(CNA/EWTN News) On Wednesday Pope Francis said that when we attend Mass, it is as if we are approaching Jesus on the Cross at Calvary, and that at every Eucharist we not only experience Christ’s redemption, but we participate in it.
“When we go to Mass, it is as if we go to Calvary, the same,” Pope Francis said November 22. “This is the Mass: to enter into this Passion, death, Resurrection and Ascension of Jesus.”
When we enter the church for Mass, we should think to ourselves: “I enter Calvary, where Jesus gives his life for me,” the Pope continued, saying he is sure we would respond to this “in silence, in weeping,” and also with joy, because we have been saved from death and sin.
At the general audience, Pope Francis continued his new catechesis on the Mass and the Eucharist by reflecting on what he said is the essential element of every Mass – that it is a "memorial of the Paschal Mystery of Christ."
Imagine that you are actually at Calvary, he continued. In that moment, you would look up and know that the man upon the cross is Jesus. Would you allow yourself to make chit-chat or take pictures? “No, because Jesus (is there)!”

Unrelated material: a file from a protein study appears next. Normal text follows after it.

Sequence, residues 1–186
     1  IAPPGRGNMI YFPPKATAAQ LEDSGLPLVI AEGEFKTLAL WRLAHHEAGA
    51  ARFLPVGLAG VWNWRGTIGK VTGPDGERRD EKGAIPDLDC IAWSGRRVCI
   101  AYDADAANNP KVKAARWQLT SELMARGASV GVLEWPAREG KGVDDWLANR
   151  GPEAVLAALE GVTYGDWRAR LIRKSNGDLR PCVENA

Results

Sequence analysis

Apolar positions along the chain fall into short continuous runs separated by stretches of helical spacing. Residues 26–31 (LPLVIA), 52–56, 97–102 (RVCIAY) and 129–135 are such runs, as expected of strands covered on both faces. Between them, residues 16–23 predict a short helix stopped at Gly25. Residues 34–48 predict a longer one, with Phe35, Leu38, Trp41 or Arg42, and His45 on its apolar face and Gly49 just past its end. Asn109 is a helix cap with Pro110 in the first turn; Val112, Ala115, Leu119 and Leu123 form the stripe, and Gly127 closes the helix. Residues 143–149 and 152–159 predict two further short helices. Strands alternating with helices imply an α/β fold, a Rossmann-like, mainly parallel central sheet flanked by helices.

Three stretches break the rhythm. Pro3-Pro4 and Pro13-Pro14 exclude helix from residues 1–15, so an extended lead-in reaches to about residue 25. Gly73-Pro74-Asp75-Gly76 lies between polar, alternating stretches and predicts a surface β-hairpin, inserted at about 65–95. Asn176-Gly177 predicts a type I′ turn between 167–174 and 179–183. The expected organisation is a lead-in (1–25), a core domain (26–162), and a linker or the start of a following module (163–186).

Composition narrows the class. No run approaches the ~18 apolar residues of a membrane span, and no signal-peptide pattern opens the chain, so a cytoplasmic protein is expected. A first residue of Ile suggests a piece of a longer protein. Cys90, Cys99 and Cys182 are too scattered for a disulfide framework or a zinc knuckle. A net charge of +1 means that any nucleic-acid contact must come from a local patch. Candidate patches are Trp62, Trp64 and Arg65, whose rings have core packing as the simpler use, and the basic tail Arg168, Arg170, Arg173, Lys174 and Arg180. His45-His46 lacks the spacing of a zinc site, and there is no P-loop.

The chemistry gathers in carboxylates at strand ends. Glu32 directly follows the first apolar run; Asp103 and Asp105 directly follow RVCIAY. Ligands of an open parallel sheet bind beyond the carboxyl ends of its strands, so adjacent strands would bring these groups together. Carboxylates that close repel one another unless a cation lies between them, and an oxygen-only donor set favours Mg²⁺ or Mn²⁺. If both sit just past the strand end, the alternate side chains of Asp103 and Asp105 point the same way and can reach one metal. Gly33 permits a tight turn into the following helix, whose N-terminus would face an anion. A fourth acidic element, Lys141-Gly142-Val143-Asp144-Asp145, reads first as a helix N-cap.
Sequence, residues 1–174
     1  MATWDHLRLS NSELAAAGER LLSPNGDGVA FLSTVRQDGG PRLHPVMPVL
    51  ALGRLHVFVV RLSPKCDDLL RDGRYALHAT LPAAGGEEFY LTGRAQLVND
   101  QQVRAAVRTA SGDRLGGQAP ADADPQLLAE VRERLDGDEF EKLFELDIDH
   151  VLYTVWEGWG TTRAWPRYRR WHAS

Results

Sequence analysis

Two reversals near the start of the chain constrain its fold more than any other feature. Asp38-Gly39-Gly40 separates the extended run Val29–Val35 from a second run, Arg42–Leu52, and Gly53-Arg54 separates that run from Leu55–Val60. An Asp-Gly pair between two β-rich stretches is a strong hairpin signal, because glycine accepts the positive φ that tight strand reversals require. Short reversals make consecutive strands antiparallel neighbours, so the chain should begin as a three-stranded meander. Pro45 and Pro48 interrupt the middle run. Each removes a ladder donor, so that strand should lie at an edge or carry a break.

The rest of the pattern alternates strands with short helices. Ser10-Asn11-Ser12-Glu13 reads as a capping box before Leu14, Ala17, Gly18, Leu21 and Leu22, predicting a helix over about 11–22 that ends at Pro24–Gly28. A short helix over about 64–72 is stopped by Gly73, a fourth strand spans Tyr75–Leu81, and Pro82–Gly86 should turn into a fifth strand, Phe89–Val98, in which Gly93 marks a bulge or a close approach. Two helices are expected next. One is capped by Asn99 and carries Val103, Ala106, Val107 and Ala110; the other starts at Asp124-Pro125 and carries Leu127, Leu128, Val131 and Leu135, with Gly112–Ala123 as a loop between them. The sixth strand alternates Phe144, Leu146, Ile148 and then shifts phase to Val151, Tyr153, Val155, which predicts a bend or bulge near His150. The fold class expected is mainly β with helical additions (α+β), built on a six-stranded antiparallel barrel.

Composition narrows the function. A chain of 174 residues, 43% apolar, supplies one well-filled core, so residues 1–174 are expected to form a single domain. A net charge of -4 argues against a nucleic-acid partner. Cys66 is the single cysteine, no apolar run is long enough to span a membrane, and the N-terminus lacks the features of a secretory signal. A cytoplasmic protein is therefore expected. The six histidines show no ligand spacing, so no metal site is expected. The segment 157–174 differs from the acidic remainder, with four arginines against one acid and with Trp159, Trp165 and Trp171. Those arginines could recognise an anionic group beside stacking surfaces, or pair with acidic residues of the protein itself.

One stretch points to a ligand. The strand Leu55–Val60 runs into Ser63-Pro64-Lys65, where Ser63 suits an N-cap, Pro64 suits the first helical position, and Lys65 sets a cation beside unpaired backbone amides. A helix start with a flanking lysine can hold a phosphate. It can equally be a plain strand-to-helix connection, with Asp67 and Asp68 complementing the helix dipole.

Quoting from Lumen gentium, the Second Vatican Council's dogmatic constitution of the Church, Francis said that “As often as the sacrifice of the cross in which Christ our Passover was sacrificed, is celebrated on the altar, the work of our redemption is carried on.”
This means, he explained, that Christ’s Passion and death are taking place every time we celebrate Mass, and our participation in the Eucharist, “brings us into the Paschal Mystery of Christ.”
And if we receive the Body and Blood of Jesus in the Eucharist, “in faith,” he noted, then “we too can truly love God and neighbor, we can love how He loved us, giving life.”
In the Eucharist, the Lord Jesus, “pours upon us all his mercy and love, as he did on the cross, so as to renew our heart, our existence, and our way of communicating with Him and with our brothers.”
Christ’s Passion and death is the ultimate victory over death, Francis emphasized, because he transformed his death “into the supreme act of love.”